E-participatory Budgeting

The Project

Elena Calistru

President & Co-founder of Funky Citizens, a newly established Romanian NGO


Bani pierduti? is a project aiming at engaging informed civil society (taxpayers) in the decision making process related to the priorities in public spending. We do this through an online platform which offers a comprehensive image of the manner in which public funds are spent and information and tools for participating to the national and local budgetary decision-making process.


What do we do?
The three pillars of the platform respond to the following problems:

Problem #1: Fiscal policies represent a “mystery” for the majority of citizens
Consequences: Lack of information and understanding of the process; scarce public oversight of public funds administration; public spending is associated with corruption and distrust

How we respond: Educate citizens on the topic

Problem #2: Little or no participation of the community to the fiscal policy
Consequences: Limited use of existing tools for participation to the decision-making process; needs of the community not reflected in the resource allocation; no feedback to the policy makers on their decision

How we respond: Facilitate direct participation

Problem #3: Lack of vision from governments on investment/ development priorities
Consequences: Short-term planning leading to limited predictability and accountability; bad administration, mismanagement, or corruption in public spending; incoherence between the fiscal policy and other public policies

How we respond: Analyse and understand data

Game Changing Factor

Using an existing platform “Bani pierduti?” (missing/lost money?), available at www.banipierduti.ro, to develop an innovative tool for increasing participation and transparency in public spending through:

1. Simulator for legislative impact
To develop an easy to use online ballot for new legislation explaining the financial impact of a certain bill (pros and cons) and allowing citizens to vote for a certain outcome. The input, together with the relevant proposed amendments should be sent on a rolling-basis to the decision-makers.

2. Simulator for the central budget
Allow users to vote on concrete and tangible outcomes, which are aligned with decisions implied by the budget. Citizens have to produce a balanced budget, so are forced to trade-off priorities against one-another. The voting system is should be very simple and allow the user to understand the impacts of their given choice in context. After each round of consultation, reports will be sent to policymakers.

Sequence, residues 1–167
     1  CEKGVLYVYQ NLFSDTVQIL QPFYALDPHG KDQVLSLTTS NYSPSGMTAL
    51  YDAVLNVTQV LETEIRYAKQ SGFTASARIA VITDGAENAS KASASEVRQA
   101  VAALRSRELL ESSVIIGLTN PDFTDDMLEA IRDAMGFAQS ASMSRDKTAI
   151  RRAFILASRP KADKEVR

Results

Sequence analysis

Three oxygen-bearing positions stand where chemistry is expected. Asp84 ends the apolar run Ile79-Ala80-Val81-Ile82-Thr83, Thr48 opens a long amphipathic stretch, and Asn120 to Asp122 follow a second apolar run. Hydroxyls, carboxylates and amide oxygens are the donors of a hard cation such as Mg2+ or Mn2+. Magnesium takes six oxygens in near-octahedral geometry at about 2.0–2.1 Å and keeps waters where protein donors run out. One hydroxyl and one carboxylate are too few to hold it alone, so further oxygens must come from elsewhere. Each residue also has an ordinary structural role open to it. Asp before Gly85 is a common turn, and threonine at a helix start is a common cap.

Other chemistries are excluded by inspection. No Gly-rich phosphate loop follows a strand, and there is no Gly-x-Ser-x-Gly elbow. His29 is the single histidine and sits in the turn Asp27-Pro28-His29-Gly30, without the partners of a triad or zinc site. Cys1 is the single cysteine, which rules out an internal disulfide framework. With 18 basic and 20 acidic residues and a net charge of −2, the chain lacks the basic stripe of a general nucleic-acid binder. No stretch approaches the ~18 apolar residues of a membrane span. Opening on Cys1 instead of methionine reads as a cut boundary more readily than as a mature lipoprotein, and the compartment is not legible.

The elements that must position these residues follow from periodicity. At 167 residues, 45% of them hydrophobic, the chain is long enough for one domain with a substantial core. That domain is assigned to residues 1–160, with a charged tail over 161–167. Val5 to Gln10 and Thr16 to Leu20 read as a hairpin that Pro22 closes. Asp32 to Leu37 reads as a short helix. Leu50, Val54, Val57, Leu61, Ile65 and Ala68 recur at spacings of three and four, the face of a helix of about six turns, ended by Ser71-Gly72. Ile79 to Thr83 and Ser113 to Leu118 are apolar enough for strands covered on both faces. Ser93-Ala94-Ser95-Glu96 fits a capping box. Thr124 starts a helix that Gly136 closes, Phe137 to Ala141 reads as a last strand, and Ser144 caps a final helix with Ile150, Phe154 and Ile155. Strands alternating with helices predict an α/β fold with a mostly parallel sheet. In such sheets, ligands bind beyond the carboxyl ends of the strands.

These features are already in course of development, with the help of a grant offered by the US Embassy in Romania. However, the grant only covers the development of the features for the website.

We would like to take these features one step further, and transform them into Facebook and Twitter applications as well. Since we already have the support of a growing community of IT developers, the mini-grant offered by the IACC seems the perfect resource to boost the effectiveness of this type of eParticipatory Budgeting tool. Also, the opportunity to access the wide range of experts and IACC Game Changers platform will allow us to design the social media apps in a manner which will allow them to become highly scalable and/or adaptable for other countries.

Why I fight Corruption

I started working as an anticorruption activist when I was 22. Corruption in Romania, as in other SEE countries is so widespread that it is not hard to find a reason to engage in the fight against it. And it sure is easier for a fresh Political Science graduate to observe that fighting corruption means addressing the actual root of the causes that lead Romanian development to low levels, even after years of democracy. After a period spent in Transparency International’s Romanian chapter I found myself well-equipped to think of different manners to engage in solving this social issue, complimentary to the classic anticorruption tools.

With this thought in mind, I developed a project aiming to increase transparency in public spending by using new technologies and new media channels and registered it in the Restart Romania 2011 competition, initiated by Techsoup Romania with the support of the US Embassy to Bucharest. 144 projects were registered in the competition, went under a community scrutiny and were evaluated by a jury formed by representatives of the diplomatic community, business sector and IT industry. 10 finalist projects were transformed with the help of programmers and communication specialists into more concrete platforms which were presented within the Restart Romania Gala. Bani pierduti (Lost money) was voted within the Gala as one of the five winners of a 5000 USD funding.

This experience was a strong signal that the mix between contributions from specialists in different areas, the continuous engagement and feedback from various stakeholders, and new technologies might provide a different approach to address transparency, especially in sensitive areas such as public spending.

This became the main working method for a NGO (Funky Citizens) that I founded together with other young enthusiasts. This experiment aims to offer an associative structure to gather grassroots projects developed by (generally young) funky citizens (those who want to know and live their rights). In our endeavours we are currently approaching the lack of information and awareness on major issues which affect the good governance in Romania. We mainly focus on grassroots projects, using volunteers or young professionals from different domains, whilst using the growing power of social media and Internet as an important tool for promoting social change.